As if she’s done something wrong, Ru Mi sneaks off after practice to meet with Kang Mae, whose idea of a date is… to sit in a library and read about western music. (This is coming from a girl who practically lives at the bookshop, but um, that’s a really boring date.) Ru Mi tentatively brings up the suggestion of activities that are more ‘fun’, and is immediately shouted down by Kang, who wants to cultivate a love for reading in her.
Well, he’s not doing a really good job of it himself, as he hasn’t flipped a page in all the time he’s been there. Ru Mi drags him outside for a walk – it’s a beautifully sunny day. Kang just can’t bring himself to admit that he’s enjoying being outside, and ends up following Ru Mi around the park just like a puppy.
The Irregulars play at a restaurant, a business arrangement courtesy of Bae. Unfortunately for them, Kang just happens to have Ru Mi drive him there (he’d heard from the mayor’s undersecretary that it was a good restaurant). A flaming row ensues. People not in on the know wonder why Ru Mi is with Kang, but the bigger crisis is Kang’s blooming temper.
As expected, he is seriously displeased that they would betray their music this way (yo, we don’t all survive on nobility), Ru Mi stalks off (speak up, girl, you’re possibly the only person who can rival him in a shouting match) to sulk somewhere, and everyone else acts awkward. Just to make things worse, Kang throws money at them all.
This effectively ruins both the new job and everyone’s moods. They go back to the warehouse, where the girls annoy Hee Yun by excessive gossiping and Park takes Gun Woo to task for not accepting money. Don’t kick the boy when he’s already down from seeing Ru Mi and Kang together, dude.
On the other side of the city, Ru Mi confronts Kang in his office for being way too harsh, and tells him that Gun Woo did this all for him. Kang says that this must mean Gun Woo is crazy but he looks like he’s reconsidering what he did.
Just to add to the big pile of drama already floating around, at practice, Ru Mi is openly asked by both Yi Deun (who is curious) and Hee Yun (who is hostile) about what’s going on with Kang Mae. Well, put on the spot like that, especially after some rather stinging comments from Hee Yun, Ru Mi strikes back and says some harsh things about Gun Woo’s inferiority. (Ouch. That’s one thing I didn’t want her to learn from Kang Mae.)
Practice starts, and you can practically cut the tension with a knife.
The formal orchestra ends practice early, and an annoyed Kang Mae finds Kim Gab Yong wandering around. Unfortunately, he’s completely lost in the past, and when Kang brings him to the Irregulars, he doesn’t recognize any of them. The others all agree to humour Kim as long as they can, with Yi Deun fighting all the way.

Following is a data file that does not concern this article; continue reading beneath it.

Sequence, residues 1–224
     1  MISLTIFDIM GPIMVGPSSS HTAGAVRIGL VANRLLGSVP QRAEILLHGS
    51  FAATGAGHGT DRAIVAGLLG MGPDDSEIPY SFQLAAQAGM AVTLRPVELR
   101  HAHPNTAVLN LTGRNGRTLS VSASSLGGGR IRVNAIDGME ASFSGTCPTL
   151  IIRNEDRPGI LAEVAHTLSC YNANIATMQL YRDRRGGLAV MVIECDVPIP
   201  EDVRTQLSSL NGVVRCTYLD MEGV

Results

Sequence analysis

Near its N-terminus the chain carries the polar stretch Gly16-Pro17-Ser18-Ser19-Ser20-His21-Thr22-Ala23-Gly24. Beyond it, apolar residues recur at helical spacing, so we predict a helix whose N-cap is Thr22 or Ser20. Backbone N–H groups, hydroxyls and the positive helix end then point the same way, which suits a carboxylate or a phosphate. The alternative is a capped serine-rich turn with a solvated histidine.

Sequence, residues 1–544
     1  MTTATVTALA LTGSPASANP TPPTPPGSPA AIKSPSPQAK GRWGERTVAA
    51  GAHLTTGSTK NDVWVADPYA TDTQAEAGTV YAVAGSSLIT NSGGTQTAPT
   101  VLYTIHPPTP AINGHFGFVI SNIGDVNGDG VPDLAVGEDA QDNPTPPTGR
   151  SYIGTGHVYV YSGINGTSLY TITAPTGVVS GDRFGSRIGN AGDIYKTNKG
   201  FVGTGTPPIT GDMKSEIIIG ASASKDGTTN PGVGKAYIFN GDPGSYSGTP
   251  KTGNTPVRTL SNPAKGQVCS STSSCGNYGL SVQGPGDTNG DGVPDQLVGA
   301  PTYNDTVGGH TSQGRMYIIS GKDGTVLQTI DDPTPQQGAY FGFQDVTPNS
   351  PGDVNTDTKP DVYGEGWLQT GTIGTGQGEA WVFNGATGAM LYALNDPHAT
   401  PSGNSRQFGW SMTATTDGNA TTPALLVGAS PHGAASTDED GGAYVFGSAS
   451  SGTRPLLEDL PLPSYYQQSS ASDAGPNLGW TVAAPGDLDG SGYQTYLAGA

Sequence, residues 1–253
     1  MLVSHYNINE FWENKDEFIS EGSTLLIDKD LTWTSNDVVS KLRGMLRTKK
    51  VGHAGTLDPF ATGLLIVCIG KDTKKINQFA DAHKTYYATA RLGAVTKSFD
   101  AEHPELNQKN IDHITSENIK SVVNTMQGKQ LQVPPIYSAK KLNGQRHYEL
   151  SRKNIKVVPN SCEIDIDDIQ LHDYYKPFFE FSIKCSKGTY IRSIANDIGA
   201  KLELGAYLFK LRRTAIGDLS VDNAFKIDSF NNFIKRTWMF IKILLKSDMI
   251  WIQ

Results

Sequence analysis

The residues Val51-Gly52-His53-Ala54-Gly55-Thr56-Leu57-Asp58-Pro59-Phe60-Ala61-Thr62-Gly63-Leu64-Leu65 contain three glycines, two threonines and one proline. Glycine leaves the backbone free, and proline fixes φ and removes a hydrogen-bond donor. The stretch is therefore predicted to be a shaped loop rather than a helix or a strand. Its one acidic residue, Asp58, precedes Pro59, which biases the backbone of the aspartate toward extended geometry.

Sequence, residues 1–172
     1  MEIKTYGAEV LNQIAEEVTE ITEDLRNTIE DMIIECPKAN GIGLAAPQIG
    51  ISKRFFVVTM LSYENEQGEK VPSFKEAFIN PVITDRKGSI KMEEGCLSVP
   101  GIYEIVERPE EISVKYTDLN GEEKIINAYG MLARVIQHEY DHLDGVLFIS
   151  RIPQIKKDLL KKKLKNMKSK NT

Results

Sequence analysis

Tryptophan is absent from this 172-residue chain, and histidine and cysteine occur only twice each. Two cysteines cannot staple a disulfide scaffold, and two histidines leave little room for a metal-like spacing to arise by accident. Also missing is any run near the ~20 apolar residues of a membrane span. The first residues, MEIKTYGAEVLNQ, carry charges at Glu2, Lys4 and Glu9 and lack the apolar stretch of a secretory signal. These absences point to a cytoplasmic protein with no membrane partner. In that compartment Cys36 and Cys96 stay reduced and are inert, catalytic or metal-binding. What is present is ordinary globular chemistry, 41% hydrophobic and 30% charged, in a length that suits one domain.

Here, Kang shows his nicer side as he spins a story for Kim, and reassures the old man over and over that he is where he should be. (And this is the guy who told Gun Woo to learn how to be cruel.) Bae, Yi Deun and the undersecretary drive Kim home.
Of course, Bae doesn’t realize that by doing this, they’re effectively leaving Kang with the orchestra.
At Kim’s house, while looking for ways to contact the oboist’s family, Bae and Yi Deun find a portrait of the real Young Joo, who happens to be Kim’s daughter. She refuses to be forgotten and tries to remind Kim that she isn’t Young Joo.
At the warehouse, Kang promptly undermines all of Gun Woo’s authority by stopping the orchestra at a place where he thinks they’ve missed a crescendo. He demands to see the score, and throws a fit when he reads ‘sempre piano’ in place of ‘crescendo’.
I can has wall to bang head against?
Kang goes on to rant about Gun Woo’s arrogance to presume that he can conduct after a few months of raw learning. When he looks around at the angry (or scared) musicians, Kang Mae also realizes that this is probably not the best place to say what he wants and calls Junior outside. He demands that Junior clear his brain and conduct according to Senior’s written directions. (You know, in negotiations, the first rule is to never demand something that’s impossible.)
True to form, Gun Woo refuses. He cites a difference of style between himself and Kang. The conductor takes this opening to bring up the issue of him playing cool with Ru Mi, and pours salt over his wounds by calling him uselessly proud, competitive, and an ignorant babe. Kang wants Junior to conduct with his feelings out in the open.
Gun Woo agrees, and quietly asks Kang to not interfere from now on. He asserts to a chagrined Kang Mae that this is his own orchestra, and he will conduct as he sees fit. (Sing it, Gun Woo.)
– Does anyone else find the Kangmi dynamic very much tipped in Kang Mae’s favour? And does anyone think this is disturbing, or at least annoying? She just scurries around without saying anything, it’s like all of a sudden we have a Ru Mi clone who forgot how to stand up for what she believes in. It shouldn’t continue, not if they’re to have a healthy relationship.
– I’ve been watching Bad Family, which is a really good show (both Thundie and Javabeans agree, btw, don’t just take my word for it), and Kim Myung Min’s love interest there is also called a ‘fighting rooster’ by their housemates. Coincidence? I think not. Though, imho, Nam Sang Mi’s character fits the epithet much better.
– Screencaps credit to Luv and sayroo. 😀
- Beethoven Virus: Episode 11
- Beethoven Virus: Episode 10
- Beethoven Virus: Episode 9
- Beethoven Virus: Episode 8
- Beethoven Virus: Episode 7
- The Current Drama Landscape: An Overview
- Beethoven Virus: Episode 6
- Beethoven Virus: Episode 5
- Beethoven Virus: Episode 4
- Beethoven Virus: Episode 3
- Beethoven Virus: Episode 2
- Beethoven Virus: Episode 1
- “Wind” and “Virus” off to a neck-and-neck start
- Beethoven Virus takes its opening bow
- Beethoven Virus, not the DDR song